“Watch out for spiders,” she guided. Spiders? I thought about that song, “The worms crawl in. The worms crawl…” You know, that song.

Moving to a classroom, she taught us more. Composting relies on microorganisms to convert organic materials to a soil amendment and vermicomposting adds worms to the equation. The resulting crumbly dark matter (compost) benefits our gardens and our planet Earth.

Queen Rhonda’s website is fact full and fascinating. “Up to 75 percent of what is discarded by North Carolina’s communities and businesses are organic materials. Instead of disposing of food scraps, yard wastes, and other organics, the materials can be vermicomposted.  This method of recycling converts organic materials that have traditionally been viewed as waste into a valuable soil amendment for plants and crops. When vermicompost is added to soil, it boosts the nutrients available to plants and enhances soil structure and drainage. Vermicompost has also been shown to increase plant growth and suppress plant disease and insect pest attacks.”


Forty percent of food in the United States is never eaten, amounting to $165 billion a year in waste, taking a toll on the country’s water resources and significantly increasing greenhouse gas emissions, according to a report from the Natural Resources Defense Council.

Food waste in particular generates a significant amount of the greenhouse gas methane when it’s buried in landfills, but not so when composted. U.S. cities and counties that offer composting prevent otherwise trash-bound food scraps from decomposing in landfills and generating methane — and they get a significant carbon credit as a result.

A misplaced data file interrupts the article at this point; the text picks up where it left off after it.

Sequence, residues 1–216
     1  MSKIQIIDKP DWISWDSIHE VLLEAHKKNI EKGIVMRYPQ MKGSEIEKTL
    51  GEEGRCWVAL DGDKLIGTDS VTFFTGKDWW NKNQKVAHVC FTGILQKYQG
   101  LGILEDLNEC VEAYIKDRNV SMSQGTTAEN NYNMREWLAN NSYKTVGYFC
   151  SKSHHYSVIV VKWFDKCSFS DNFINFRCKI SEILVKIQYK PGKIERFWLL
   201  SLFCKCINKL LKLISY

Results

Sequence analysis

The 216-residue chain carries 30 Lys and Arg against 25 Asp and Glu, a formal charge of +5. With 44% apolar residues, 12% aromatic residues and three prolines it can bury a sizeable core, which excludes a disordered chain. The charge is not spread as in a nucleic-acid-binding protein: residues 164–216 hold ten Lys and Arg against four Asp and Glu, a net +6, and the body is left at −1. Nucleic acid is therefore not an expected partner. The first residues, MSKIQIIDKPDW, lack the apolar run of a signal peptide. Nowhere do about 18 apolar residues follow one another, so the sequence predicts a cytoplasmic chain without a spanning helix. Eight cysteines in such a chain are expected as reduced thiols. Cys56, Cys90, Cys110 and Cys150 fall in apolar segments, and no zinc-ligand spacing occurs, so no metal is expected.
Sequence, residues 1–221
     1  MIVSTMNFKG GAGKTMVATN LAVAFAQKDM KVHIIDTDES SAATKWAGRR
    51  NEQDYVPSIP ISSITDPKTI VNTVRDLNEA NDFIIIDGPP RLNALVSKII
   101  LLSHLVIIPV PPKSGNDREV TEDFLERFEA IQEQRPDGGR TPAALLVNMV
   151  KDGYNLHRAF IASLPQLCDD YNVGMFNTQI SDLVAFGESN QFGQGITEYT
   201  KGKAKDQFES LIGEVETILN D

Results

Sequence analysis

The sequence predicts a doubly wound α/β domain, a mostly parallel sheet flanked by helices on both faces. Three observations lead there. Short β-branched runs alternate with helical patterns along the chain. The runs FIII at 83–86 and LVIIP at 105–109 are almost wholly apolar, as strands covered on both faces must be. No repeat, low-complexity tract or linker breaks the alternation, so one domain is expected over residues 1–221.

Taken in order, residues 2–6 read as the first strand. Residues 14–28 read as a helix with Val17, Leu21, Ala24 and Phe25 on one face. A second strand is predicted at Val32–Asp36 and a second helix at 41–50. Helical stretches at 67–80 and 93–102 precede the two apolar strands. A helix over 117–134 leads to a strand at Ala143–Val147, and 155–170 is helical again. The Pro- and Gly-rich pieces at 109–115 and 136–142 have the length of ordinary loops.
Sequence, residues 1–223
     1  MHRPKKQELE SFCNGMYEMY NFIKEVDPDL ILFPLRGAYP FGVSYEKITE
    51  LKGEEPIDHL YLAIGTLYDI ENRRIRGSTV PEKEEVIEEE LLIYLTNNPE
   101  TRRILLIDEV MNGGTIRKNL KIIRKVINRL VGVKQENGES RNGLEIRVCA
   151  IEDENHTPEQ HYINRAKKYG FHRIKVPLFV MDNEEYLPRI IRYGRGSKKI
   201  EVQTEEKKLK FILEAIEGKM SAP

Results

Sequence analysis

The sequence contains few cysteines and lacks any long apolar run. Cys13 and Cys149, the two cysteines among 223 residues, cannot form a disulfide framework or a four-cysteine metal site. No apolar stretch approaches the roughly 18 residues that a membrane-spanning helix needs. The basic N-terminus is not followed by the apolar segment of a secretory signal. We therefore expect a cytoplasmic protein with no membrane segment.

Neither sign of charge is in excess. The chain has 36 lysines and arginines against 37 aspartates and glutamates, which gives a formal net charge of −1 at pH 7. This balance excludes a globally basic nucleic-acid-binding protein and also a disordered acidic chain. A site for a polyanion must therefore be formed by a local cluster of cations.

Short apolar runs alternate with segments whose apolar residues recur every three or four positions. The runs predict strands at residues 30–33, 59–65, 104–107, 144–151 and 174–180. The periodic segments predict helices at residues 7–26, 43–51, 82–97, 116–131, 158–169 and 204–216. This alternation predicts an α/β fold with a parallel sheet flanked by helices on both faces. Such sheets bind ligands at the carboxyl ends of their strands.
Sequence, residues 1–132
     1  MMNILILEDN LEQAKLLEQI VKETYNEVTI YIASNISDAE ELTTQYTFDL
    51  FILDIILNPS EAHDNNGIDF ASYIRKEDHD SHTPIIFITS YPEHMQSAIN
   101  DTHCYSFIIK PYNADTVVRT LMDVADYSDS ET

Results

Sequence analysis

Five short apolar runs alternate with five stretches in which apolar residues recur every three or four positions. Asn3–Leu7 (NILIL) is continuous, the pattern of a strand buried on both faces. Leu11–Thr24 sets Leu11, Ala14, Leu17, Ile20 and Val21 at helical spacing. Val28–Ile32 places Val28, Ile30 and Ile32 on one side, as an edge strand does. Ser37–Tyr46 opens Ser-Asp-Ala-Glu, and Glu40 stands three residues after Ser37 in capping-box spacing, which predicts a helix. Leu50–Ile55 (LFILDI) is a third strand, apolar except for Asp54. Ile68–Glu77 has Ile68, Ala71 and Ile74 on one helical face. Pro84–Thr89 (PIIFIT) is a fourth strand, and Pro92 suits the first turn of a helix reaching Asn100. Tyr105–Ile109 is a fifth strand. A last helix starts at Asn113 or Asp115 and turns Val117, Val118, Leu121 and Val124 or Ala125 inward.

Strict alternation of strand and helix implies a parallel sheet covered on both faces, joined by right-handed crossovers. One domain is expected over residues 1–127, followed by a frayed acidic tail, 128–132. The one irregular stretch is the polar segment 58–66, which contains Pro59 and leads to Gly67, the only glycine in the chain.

Recycling has come a long way. Most major cities offer curbside or convenient recycling of glass, plastics, papers. Sorting and recycling are usually suggestions that are not strictly enforced. However, SOME CITIES REQUIRE COMPOSTING.

Seattle Municipal Code sections 21.36.082 and 21.36.083 require that residents and businesses do not put food scraps, compostable paper, yard waste, and recyclables in their garbage.

EASY for you to make a difference.

Now, that I have your attention with EASY, let’s continue with Why Compost or Vermicompost or Digest? If you’re a gardener, compost reduces soil compaction; increases infiltration, increases water holding capacity, reduces erosion, holds nutrients, reduces chemicals needed, reduces diseases. For Earth, composting reduces organic materials that usually end up in the landfill, are buried under the earth in anaerobic conditions and create methane. The Green Cone, solar digester, is brainless, meant for me! You can throw your scraps in it just as easily as down your water-system disaster garbage disposer or into your garbage can.

Worms? Well all they need is a dark bin, moisture, oxygen, bedding, food, and a little love. The type of worms to use are Eisenia fetida, which is VERY important because they like living in a bin, are tolerant of 32-95 degrees Fahrenheit, and they are non invasive to the natural environment. A few interesting worm droppings – they are hermaphroditic but require two worms to make love. They will die if in light for more than an hour; they must remain moist; they are cold blooded and breathe through their skin; they eat 25-35% of their body weight each day.

Queen Rhonda wrapped up her lecture with a picture of a beautiful Lily P style laundry room with a little curtained doorway. There was a lime green bin on wheels with an artsy worm fork, a tool to gently aerate the creatures. A lover of worms had made a private nook just for her worms.

There’s nothing secret about Queen Rhonda’ s love of worms. Check out her site at

She shared a few other resources:

Worms Can Recycle Your Garbage (factsheet on how to set up and maintain a worm bin):

Backyard Composting of Yard, Garden, and Food Discards:

Even MORE info at: